AffiliationInstitute of Cancer and Genomic Sciences, University of Birmingham, Birmingham B15 2TT, U.K
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AbstractCell-in-cell (CIC) is a term used to describe the presence of one, usually living, cell inside another cell that is typically considered non-phagocytic. Examples of this include tumour cells inside tumour cells (homotypic), mesenchymal stem cells inside tumour cells (heterotypic) or immune cells inside tumour cells (heterotypic). CIC formation can occur in cell lines and in tissues and it has been most frequently observed during inflammation and in cancers. Over the past 10 years, many researchers have studied CIC structures and a few different models have been proposed through which they can be formed, including entosis, cannibalism and emperipolesis among others. Recently, our laboratory discovered a role for mutant p53 in facilitating the formation of CIC and promoting genomic instability. These data and research by many others have uncovered a variety of molecules involved in CIC formation and have started to give us an idea of why they are formed and how they could contribute to oncogenic processes. In this perspective, we summarise current literature and speculate on the role of CIC in cancer biology.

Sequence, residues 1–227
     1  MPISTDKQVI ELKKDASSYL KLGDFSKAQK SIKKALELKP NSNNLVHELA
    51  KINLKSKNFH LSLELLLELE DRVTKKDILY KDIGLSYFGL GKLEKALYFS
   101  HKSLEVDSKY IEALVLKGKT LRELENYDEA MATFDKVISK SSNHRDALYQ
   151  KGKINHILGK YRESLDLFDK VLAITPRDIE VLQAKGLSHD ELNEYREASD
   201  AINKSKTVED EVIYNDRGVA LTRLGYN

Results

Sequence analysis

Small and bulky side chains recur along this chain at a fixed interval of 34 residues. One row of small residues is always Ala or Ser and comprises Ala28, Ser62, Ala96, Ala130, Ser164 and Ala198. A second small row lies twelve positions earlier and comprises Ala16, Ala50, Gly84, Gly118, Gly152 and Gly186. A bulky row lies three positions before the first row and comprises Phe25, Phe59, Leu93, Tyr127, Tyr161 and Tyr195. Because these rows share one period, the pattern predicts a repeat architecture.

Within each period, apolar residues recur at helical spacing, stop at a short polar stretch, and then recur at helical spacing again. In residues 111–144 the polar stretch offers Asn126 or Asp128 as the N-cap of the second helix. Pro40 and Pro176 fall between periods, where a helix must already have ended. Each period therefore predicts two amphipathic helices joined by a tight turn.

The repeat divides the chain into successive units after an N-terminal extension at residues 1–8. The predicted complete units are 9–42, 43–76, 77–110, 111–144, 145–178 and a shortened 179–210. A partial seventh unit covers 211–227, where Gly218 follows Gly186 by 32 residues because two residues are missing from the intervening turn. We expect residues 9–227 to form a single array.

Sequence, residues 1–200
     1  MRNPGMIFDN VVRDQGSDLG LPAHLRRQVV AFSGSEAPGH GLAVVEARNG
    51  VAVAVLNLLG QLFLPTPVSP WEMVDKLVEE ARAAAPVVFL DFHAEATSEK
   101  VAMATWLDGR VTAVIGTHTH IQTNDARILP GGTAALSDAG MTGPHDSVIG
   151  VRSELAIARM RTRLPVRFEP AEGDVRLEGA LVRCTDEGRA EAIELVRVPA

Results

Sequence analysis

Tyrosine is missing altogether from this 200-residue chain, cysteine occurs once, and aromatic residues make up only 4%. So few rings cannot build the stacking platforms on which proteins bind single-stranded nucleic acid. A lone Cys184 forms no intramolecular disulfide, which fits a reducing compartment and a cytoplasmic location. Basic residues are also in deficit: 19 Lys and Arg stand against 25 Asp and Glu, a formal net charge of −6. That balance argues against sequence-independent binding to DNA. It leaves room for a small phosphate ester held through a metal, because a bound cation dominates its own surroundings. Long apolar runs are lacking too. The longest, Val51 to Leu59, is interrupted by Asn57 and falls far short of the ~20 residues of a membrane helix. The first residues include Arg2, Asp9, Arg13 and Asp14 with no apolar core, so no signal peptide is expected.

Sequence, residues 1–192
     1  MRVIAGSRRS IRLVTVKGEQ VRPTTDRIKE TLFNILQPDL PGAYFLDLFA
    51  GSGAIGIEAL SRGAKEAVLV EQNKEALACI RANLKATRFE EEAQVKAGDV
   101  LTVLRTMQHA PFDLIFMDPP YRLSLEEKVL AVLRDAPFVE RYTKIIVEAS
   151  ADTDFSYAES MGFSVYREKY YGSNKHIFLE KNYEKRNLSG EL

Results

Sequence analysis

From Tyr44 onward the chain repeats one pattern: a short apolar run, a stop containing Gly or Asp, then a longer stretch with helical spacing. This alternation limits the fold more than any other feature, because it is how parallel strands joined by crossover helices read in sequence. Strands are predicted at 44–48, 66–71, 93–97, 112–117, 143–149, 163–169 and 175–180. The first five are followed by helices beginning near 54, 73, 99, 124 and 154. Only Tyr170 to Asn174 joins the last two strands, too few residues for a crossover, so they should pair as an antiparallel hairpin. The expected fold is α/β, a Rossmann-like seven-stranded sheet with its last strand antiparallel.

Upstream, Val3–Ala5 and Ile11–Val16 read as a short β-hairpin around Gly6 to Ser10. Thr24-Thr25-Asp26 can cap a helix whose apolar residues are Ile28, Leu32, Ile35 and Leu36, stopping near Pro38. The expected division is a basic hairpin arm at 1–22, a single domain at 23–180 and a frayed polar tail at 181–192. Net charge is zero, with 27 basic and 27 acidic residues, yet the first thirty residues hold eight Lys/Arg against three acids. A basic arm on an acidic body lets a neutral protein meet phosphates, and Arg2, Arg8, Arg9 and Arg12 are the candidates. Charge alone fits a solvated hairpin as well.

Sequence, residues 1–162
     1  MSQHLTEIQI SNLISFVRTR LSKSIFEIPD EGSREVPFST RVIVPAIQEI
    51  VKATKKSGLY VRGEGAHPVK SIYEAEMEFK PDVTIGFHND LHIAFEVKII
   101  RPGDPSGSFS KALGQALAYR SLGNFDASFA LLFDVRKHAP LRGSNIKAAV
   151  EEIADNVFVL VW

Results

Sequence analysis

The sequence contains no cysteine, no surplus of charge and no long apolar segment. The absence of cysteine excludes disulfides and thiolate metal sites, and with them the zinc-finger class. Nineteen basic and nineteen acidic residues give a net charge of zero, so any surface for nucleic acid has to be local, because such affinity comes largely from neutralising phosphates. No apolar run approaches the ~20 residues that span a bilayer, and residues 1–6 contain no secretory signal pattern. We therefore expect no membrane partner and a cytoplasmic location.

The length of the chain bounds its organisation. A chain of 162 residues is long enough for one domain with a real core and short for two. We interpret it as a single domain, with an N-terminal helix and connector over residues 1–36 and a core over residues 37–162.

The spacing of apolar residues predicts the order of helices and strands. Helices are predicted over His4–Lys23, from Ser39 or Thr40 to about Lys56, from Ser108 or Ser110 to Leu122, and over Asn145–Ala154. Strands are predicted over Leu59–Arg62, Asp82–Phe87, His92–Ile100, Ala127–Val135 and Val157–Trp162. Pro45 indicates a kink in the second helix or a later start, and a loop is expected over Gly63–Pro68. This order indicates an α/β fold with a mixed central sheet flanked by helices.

CitationMackay HL, Muller PAJ. Biological relevance of cell-in-cell in cancers. Biochem Soc Trans. 2019 Mar 8.
JournalBiochemical Society Transactions